One year after Lucy McSweeney took part in the Mental Health Foundation's social change programme POD, she was on the steps of Parliament presenting her petition to the Government.

The twenty-one-year-old Auckland engineering student knew she wanted to use her own experience with depression and anxiety to help young people.

“I had such a challenging time with mental health as I transitioned between high school and university. I thought if I could use my experience to help others, it would make it all worth it.”

But Lucy was stuck on turning her ideas into action. She signed up to the MHF's POD (Point of Difference) programme that’s aimed at empowering young people to end mental health discrimination.

“POD helped me to form ideas, get into active change and make the connections I needed to launch my petition.”

Lucy’s petition calling for better mental health education in high schools has almost reached its target of 10,000 signatures.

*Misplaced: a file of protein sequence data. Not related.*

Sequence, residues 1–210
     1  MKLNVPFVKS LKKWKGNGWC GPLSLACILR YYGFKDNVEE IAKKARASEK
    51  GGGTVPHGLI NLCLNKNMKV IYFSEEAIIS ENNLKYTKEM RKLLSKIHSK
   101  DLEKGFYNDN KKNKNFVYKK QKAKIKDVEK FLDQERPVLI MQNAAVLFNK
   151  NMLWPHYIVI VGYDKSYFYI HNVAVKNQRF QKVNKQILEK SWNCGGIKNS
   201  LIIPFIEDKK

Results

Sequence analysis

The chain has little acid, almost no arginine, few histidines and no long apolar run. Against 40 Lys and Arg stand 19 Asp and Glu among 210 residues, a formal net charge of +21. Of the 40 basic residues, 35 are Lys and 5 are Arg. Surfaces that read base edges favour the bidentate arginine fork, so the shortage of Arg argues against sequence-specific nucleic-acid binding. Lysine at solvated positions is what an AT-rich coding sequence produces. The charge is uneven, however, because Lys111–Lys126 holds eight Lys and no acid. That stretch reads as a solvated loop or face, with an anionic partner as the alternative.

The petition’s been presented to Parliament and Lucy’s become a strong voice for youth and mental health advocacy.

“I still find it weird that I have been on the news… I find it absolutely mad but it’s so exciting. I don’t think anything would’ve happened without POD, which is awesome right? What a testimony.”

Lucy says POD’s workshops and mentoring helped her to share her own experience in a way that could challenge people's ideas and stereotypes.

“POD was always a really safe and supportive place, you always felt comfortable to be yourself and it was nice to be with others who have experienced mental health problems, but who also wanted to make a difference.”

Lucy says the mentors’ encouragement and messages of hope were inspirational.

“It was cool to see role models who have gone through a lot and are now so strong, upbeat and absolutely thriving.”

One year on from Lucy’s POD experience, she says the sky is the limit.

“I’ll keep working to get the petition’s legislative changes and if the Government says yes to more mental health education in schools, then I would like to help develop the curriculum.”

Lucy is encouraging anyone who’s considering POD, to give it a go.

“If you’re thinking about it, go and learn, even if you don’t end up doing the project you intended on doing, you’ll get so much personal development out of it and you’ll make so many connections.”

Applications for the third round of POD are open now to young people aged 17–24. Applications close Friday, 30 June. To find out more and to apply visit www.pod.org.nz or email any questions to pod@mentalhealth.org.nz

 

 

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